God to Noah, after the Flood: Genesis 9:8-13

8 And God spake unto Noah, and to his sons with him, saying,

9 And I, behold, establish my covenant with you, and with your seed after you;

10 And with every living creature that is with you, of the fowl, of the cattle, and of every beast of this earth with you; from all that go out of the ark, to every beast of the earth.

11 And I will establish my covenant with you; neither shall all flesh be cut off any more by the waters of a flood; neither shall there any more be a flood to destroy the earth.

12 And God said, This is the token of the covenant which I make between me and you and every living creature that is with you, for perpetual generations:

13 I do set my bow in the cloud, and it shall be for a token of a covenant between me and the earth.


So why wasn’t John aware of this part of the Noah story? Medieval Christians’ knowledge of their faith was largely dependent upon sermons they heard or the teaching of itinerant monks. Literacy was still rare, perhaps below 15% of the total population in Chaucer’s day. Therefore, most people were cut off from direct access to the basic stories upon which the religion was based. As a clerk, Nicholas certainly was literate, however, and this suggests that the tale’s humor turns upon the triumph of a learned man over one who is "lewed" (M.E., unlettered, ignorant). Nicholas implies as much when he says, "A clerk hath litherly beset his whyle / But if he coude a carpenter bigile" (3299-3300, Riverside; 191-2, Norton). This assault upon the man’s profession motivates the Reeve’s anger, for the General Prologue tells us that Oswald "was a wel good wrighte, a carpenter" (614 Riverside; 616 Norton). How do you suppose the Reeve, briefly silenced in the Miller’s Prologue by the Miller’s shifting the topic to cuckoldry and away from the dupe’s profession, will respond when he tells the next tale of deception and betrayal?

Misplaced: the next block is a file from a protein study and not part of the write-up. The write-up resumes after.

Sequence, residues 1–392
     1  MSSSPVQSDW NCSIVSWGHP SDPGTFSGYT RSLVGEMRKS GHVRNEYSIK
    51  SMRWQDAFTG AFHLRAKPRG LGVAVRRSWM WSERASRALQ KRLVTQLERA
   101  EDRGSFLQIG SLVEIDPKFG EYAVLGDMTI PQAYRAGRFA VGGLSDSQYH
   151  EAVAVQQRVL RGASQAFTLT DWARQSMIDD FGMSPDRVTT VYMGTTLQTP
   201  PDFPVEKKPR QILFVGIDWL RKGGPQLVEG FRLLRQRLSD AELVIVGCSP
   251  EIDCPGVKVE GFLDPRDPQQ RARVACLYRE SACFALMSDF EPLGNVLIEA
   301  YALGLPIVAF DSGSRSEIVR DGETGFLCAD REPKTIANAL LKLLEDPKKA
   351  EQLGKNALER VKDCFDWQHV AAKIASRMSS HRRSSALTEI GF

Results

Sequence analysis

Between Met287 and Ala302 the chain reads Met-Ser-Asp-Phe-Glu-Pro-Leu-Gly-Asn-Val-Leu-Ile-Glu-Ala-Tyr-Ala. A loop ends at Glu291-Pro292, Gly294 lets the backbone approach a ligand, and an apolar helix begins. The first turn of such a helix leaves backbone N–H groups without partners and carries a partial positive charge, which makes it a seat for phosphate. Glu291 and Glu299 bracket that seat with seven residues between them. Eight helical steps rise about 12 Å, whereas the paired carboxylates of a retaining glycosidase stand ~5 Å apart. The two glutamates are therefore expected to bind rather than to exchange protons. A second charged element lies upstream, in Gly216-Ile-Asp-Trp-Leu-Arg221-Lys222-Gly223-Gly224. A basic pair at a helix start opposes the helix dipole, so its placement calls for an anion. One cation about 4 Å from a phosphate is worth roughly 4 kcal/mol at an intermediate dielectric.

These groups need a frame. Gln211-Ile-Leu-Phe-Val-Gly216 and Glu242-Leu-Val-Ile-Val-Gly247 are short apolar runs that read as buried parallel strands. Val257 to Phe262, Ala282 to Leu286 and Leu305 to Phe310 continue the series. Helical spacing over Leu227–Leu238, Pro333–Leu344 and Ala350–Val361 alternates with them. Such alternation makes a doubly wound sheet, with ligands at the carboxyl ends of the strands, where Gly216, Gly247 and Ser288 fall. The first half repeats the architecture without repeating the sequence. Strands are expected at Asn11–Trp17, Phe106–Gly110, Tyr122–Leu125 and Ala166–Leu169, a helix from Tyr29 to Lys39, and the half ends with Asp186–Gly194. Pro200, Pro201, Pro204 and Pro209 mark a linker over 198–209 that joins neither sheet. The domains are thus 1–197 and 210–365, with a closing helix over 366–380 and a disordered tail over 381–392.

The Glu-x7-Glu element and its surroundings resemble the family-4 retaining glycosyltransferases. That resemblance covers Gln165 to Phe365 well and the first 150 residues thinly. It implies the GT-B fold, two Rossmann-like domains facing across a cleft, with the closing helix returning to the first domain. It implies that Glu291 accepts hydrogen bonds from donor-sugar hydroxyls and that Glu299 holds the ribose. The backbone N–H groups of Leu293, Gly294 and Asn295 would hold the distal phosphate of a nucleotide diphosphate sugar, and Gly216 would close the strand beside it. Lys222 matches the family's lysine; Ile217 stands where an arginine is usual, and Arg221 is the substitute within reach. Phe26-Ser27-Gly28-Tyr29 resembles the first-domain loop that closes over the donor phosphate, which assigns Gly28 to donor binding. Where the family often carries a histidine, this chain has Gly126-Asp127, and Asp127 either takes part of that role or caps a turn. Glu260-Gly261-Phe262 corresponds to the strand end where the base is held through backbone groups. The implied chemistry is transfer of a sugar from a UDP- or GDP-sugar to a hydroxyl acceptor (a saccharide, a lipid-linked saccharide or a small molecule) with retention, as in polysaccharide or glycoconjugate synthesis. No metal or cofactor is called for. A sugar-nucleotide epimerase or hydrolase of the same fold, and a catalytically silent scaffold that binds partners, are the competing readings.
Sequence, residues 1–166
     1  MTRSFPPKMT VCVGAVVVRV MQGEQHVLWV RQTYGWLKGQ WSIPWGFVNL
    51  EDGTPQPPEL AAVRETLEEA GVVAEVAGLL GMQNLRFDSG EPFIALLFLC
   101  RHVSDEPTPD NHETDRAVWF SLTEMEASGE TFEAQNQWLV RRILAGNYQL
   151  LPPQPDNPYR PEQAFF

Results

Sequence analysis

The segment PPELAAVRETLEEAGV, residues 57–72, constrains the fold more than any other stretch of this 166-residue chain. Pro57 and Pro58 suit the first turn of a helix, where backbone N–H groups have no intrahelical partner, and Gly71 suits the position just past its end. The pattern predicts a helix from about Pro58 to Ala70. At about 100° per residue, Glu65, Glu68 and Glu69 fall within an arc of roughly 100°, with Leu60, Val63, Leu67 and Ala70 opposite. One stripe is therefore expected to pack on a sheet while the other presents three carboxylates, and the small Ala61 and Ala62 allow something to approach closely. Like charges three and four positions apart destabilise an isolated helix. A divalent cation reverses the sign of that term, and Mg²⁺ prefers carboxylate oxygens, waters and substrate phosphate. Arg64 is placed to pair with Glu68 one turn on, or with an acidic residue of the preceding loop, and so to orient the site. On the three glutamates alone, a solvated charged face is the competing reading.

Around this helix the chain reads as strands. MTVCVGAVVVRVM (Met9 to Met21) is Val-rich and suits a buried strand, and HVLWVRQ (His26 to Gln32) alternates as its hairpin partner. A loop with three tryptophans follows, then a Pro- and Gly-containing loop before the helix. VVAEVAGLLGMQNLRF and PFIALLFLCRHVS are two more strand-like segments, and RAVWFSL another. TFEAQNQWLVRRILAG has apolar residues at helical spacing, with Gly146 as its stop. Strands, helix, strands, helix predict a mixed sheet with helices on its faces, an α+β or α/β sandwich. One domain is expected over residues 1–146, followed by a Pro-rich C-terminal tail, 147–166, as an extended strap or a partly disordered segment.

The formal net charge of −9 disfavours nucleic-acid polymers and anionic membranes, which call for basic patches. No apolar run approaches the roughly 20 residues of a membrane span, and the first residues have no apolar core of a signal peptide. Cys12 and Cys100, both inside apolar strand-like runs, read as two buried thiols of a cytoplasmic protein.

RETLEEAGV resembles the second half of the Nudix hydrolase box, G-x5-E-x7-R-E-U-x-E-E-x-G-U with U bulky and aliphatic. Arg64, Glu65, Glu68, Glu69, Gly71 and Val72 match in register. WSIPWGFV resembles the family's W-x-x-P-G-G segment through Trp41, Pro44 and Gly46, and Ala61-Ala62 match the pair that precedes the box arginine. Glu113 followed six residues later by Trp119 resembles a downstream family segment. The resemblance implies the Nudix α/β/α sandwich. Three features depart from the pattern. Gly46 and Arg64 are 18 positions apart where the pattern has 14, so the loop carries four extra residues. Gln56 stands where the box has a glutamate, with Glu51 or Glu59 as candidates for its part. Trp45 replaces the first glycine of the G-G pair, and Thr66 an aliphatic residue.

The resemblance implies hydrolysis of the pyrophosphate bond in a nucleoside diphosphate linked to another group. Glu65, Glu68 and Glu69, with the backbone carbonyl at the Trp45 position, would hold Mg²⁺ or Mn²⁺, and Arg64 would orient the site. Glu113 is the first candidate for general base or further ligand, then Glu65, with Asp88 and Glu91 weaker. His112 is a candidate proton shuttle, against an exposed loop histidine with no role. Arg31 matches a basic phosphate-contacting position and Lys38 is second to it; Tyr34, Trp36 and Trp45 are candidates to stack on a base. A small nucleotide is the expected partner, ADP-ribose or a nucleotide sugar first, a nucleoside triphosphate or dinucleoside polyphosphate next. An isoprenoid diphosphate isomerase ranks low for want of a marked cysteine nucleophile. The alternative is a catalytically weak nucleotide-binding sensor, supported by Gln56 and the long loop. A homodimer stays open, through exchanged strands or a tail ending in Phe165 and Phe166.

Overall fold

The Miller’s Tale offers a wonderfully concise example of the way Chaucer could organize tales in the pilgrimage tale-telling competition as he happened to find material and inspiration. The plot of the tale offends the Reeve because of the dupe is a carpenter, but the tale’s clerks also can hardly have been pleasing to a serious student like the pilgrim "Clerk of Oxenford." Add to that pair of lazy and lecherous clerks the pair of foolish and vindictive Oxford clerks in the Reeve’s tale, which follows, and the pilgrim clerk might have a wonderful motivation for a tale about millers, carpenters, or reeves. (As it happens, by the time the pilgrim Clerk tells his tale, he has become more concerned with the Wife of Bath and the problem of loyalty in marriage.) The Wife of Bath, as the pilgrimage’s representative secular woman, might have been either amused or outraged by Alison’s portrayal, and the religious women (Prioress and Second Nun) surely would object to the Miller’s prurient and unashamedly erotic housewife. Each tale betrays its teller’s appetites and quarrels, and each tale can stimulate a wide range of potential answering narratives.